Not currently on display at the V&A

An unknown man in a frock coat

Oil Painting
ca.1825-1830 (painted)
Artist/Maker
Place Of Origin

This small, anonymous painting reflects the style of portraiture in popular in early nineteenth century France and Britain. The unidentified sitter’s direct gaze toward the viewer, with a vaguely annoyed appearance, was a feature of this style. The sitter is a product of his time as reflected in his attire and accessories. The modern frock-coat, top hat, gloves and delicate gold chain, all fashionable in the early nineteenth century display his upper class status, or a desire to be seen as part of their circle. The unknown artist utilised contemporary painting techniques, with a light palette and a softening of the features, which hint at the emergence of Romanticism. The size of the portrait and manner of painting show similarities to portrait miniatures of the 1830s.


object details
Categories
Object Type
Materials and Techniques
Oil on card
Brief Description
Oil painting. A Man in a Black Frock Coat, French School, ca. 1830
Physical Description
Three-quarter length portrait, standing, turned to right and looking to front, of a young man in a black frock coat. The portrait is set in a landscape.
Dimensions
  • Approx. height: 40.4cm
  • Approx. width: 29cm
Dimensions taken from Catalogue of Foreign Paintings, II. 1800-1900, C.M. Kauffmann, Victoria and Albert Museum, London, 1973
Style
Credit line
Bequeathed by Claude D. Rotch
Object history
Bequeathed by Claude D. Rotch
Historical context
This painting is part of a bequest by Claude Dickason Rotch (1878-1961). His collection of furniture, paintings and silver was an important addition to the V&A and some objects were displayed together in the Costumes Court between December 1962 and February 1963.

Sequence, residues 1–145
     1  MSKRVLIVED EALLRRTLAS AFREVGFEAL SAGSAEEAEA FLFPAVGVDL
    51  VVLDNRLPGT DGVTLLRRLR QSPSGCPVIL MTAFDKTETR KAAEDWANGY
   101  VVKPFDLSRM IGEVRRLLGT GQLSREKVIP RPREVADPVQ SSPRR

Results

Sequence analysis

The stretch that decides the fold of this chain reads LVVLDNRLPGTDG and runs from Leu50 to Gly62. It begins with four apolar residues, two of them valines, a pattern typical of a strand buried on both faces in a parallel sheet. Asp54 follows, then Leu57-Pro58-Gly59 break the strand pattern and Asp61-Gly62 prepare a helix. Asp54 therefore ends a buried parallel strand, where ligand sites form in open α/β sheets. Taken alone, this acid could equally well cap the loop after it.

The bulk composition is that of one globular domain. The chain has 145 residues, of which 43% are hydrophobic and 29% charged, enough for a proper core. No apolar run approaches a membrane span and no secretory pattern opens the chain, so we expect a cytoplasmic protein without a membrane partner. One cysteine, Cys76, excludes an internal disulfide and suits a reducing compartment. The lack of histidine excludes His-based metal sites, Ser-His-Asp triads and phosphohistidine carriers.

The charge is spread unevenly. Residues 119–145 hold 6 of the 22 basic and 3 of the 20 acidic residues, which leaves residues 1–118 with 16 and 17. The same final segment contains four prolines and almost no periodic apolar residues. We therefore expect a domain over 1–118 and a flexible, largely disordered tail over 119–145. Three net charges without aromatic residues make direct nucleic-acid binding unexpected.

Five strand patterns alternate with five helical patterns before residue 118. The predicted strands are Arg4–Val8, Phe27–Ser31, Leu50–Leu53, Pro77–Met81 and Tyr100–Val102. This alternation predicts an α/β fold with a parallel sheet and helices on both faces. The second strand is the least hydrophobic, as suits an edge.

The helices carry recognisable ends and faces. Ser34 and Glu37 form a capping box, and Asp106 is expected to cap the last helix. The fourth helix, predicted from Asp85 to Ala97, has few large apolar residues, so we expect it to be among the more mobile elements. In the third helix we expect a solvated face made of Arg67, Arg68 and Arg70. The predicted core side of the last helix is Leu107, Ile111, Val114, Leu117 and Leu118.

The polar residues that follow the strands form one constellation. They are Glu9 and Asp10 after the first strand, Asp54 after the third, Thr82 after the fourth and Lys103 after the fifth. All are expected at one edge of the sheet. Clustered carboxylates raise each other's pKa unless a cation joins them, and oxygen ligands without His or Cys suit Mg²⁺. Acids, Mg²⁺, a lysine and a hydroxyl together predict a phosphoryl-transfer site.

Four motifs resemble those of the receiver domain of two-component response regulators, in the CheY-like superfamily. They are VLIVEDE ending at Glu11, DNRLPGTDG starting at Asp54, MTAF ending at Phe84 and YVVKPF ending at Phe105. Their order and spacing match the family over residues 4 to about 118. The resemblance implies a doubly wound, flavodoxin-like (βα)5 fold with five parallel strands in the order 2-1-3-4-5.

Neither the artist nor the subject of this small oil painting on card have been identified. Little is known of the portrait and no artist has ever been suggested as a plausible attribution. In some respects P.44-1962 has more in common with portrait miniatures than larger oil paintings, particularly as it is painted on card rather than canvas or panel. Compositionally, there are a number of interesting similarities to a portrait miniature which was consigned for sale at Bohmans London (Lot 188, 24 June 2004) by little known French miniaturist Benjamin Delacour (fl.1818-1843), signed and dated November 1831. [http://www.bonhams.com/auctions/11052/lot/188/?page_anchor=r1%3D192%26m1%3D1]



P.44-1962 also reflects the influence of French neo-classical portraitist Jean-Auguste-Dominique Ingres (1780-1867) and British Regency portrait painter Sir Thomas Lawrence. It is dated around 1825-1830, based upon the style of the portrait and the sitter’s ensemble. The subtle colours of the background suggest the neo-classical stlye popular in early nineteenth century Europe. The portrait is not overly detailed and is not symbolic but captures the essence of its subject, as opposed to displaying wealth or status. The softness of the subject’s face suggests an early Romanticism and reflects the trends of other portraits of this time. This piece is attributed to the French school, but comparison between British and French portraiture from this date show a crossover between styles and techniques.